5. A counterpoint would be in baseball, where umpires have overturned their calls based on managers arguing with them, such as if a fan interfered with a player for a ball. That sort of situation is only in cut-and-dried instances (ground rules, verifying the count, etc.) and not on judgement decisions like balls and strikes calls (an automatic ejection).

    Also, coaches in all sports complain about the officiating as a way to show support for their players, that they’ve for their backs, and they’ll take the suspension in exchange for rousing the troops. It must work quite often, or otherwise it wouldn’t happen as much. I think that’s who Schmid et al. Carp as much, to show how far they’ll go to support their players.

  6. I run the line at high school level and the comments from parents are terrible. Thank you for writing this. It’s time someone spoke out for referees and ARs against the bullies.

  7. Good article on a subject that’s long overdue for being addressed. If we want good referees, we need to give them a chance to succeed and part of that is respecting the people who take up the task to referee our games, from the top right down to U-littles.

  8. I think one way we can show respect to referees is to give them the tools to do their jobs better. Soccer referees are given the hardest job in sports and are given the least amount of resources to do it. We need more referees on the field, instant replay, and goalline technology.

    I agree that players need to be put back in their place. The NBA has recently adopted a rule that essentially any outburst results in a technical foul. Any outburst aimed at undermining the referee should be a yellow card. I believe the infringing player should be able to calmly ask for clarification but only in a respectful manner.

    • That may help the top level but it won’t help the vast majority of games which are played at the lower levels. Referees are mistreated and abused and quit in their first year.

    • Fair enough. I feel it would have been a diversion from the core of the article and it was long enough, but you’re right. It should be part of the mix.

      Interesting idea from the NBA. How’s it working out?

      • I don’t follow the NBA as much as I used to for obvious reasons but as far as I can tell its working out like you would expect. People freaked out at first over the extra technical’s but the players seem to be learning the new line. A lot of pundits didn’t like it because its “an emotional game” and players “aren’t robots” yada yada.

        However, i think its was a positive change. I see more rational discussions with referee’s about the call now instead of straight up disrespect. I have no problem with a player asking for an explanation for why he was called for a foul. the problem comes when its constant whining instead of a discourse so you as a player can avoid making a foul the next time.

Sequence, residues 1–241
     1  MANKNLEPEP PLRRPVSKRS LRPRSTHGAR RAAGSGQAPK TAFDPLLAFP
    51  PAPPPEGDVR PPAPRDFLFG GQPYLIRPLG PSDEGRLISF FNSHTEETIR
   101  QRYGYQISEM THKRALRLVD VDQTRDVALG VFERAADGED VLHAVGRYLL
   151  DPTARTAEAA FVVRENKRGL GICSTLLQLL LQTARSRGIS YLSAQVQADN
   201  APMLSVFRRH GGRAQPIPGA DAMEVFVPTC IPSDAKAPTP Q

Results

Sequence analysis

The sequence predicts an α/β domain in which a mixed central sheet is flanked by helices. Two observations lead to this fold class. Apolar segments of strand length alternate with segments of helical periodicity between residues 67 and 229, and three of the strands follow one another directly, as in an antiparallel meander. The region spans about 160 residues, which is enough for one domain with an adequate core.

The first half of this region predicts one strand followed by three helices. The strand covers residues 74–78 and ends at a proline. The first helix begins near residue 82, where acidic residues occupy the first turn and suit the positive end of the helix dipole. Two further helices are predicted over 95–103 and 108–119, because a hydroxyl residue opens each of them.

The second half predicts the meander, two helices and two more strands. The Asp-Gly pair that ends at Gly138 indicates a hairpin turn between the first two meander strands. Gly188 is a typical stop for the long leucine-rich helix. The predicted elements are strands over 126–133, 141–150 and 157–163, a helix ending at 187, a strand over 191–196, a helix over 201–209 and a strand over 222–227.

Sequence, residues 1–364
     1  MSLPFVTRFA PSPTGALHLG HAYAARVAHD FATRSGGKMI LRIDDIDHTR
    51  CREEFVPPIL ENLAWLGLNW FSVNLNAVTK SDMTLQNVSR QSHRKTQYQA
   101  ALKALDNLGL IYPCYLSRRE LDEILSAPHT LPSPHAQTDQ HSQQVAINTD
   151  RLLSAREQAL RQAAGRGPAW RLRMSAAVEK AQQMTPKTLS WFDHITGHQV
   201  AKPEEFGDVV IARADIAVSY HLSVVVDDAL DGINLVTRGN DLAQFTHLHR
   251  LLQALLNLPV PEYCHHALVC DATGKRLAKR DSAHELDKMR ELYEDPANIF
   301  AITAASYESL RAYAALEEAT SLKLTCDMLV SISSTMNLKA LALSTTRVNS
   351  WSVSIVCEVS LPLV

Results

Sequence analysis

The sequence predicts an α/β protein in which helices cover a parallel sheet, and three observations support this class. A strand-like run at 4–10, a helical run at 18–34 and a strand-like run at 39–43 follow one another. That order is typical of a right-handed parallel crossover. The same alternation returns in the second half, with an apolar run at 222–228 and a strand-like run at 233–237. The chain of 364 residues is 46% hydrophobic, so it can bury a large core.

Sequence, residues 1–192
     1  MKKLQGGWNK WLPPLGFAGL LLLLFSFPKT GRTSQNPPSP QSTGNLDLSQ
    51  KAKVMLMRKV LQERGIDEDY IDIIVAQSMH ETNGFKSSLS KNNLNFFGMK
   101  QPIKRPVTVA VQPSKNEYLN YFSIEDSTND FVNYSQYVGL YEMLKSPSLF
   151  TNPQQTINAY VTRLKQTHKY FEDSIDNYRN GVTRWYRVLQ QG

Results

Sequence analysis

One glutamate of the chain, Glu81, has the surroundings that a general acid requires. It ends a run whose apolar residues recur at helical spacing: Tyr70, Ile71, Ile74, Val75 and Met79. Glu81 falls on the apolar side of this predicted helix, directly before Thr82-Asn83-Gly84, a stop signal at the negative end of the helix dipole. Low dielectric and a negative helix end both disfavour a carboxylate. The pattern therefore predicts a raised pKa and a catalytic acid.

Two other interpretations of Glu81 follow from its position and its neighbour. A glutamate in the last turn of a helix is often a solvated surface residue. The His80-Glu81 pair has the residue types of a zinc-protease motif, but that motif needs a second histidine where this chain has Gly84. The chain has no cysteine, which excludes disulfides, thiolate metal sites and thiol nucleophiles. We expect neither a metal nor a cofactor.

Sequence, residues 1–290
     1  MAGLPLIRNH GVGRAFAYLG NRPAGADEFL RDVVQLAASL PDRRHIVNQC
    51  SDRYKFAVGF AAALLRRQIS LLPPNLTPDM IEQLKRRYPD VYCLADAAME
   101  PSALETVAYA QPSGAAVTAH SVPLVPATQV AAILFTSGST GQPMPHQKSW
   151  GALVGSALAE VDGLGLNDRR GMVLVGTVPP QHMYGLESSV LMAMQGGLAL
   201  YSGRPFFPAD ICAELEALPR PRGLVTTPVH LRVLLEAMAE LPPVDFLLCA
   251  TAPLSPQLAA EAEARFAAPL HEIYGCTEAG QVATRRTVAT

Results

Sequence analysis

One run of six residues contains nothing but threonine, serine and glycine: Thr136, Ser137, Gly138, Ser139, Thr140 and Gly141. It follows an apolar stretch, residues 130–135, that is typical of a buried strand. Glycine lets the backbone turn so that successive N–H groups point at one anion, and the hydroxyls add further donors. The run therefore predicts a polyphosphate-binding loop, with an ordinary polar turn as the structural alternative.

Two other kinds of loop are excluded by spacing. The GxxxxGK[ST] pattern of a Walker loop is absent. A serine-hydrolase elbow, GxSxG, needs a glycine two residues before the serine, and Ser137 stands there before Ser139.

9. Rehashing, again, the ‘how not to be a ***** supporter debate’ may have been grasping a little for site hits in the off season, but promoting an honest discussion about refs outside of an emotionally charged in-season environment hardly seems like sensationalizing. Also, unless this is the first Prost article you’ve ever read, you should be familiar with their tone of “we are pushing you to think outside of your predetermined assumptions” whether or not we/you are correct. I for one appreciate the challenge.

    “A higher standard applies to those involved in the game in a playing, coaching or ownership capacity.”

    Agreed. I have no problem with irrational fans. Fans don’t need to save their energy for planning strategy and running around for 90 min. More to the point, if fans were objective, home field advantage would not exist.

    One final point of sympathy for refs; I thank god for police as a general rule, but I’m not exactly singing their praises. Sometimes positions of authority get a bad rep and then only the power hungry and insane will be willing to carry the mantle. I try to stifle my disdain for police and refs, but a few pints of beer and the anonymity of the internet aren’t exactly tempering my emotions.

      • Yeah, because humans are known for their objectivity and self reflection. Give me a break. When it comes to self improvement, be it sports or intellectual pursuits, nothing will substitute for the pressure and critical evaluation of others. The reality is that humans have a limited perspective and those of us who would like to be stronger/smarter tomorrow than we are today are aware of the humility and assumption reassessments required.

        Personal anecdote: I went to a college where everyone was a Democrat. I work in a place where few are. The Democrats here are better at articulating their reasons for being democrats BECAUSE they are constantly challenged and have to have good well thought out arguments.

        Feel free to stick to your rhetoric and self assuredness if it comforts you. I prefer to be challenged by the media, my wife, my coworkers, my snowboarding friends, and anyone else who can push me out of my comfort zone, even you.

        Qualifier – As someone with a master’s degree in physics who works in the field, I may bristle slightly at the suggestion that objective critical thinking is outside of my skill set, and apologize if I come off preachy, but it is something I know a little about.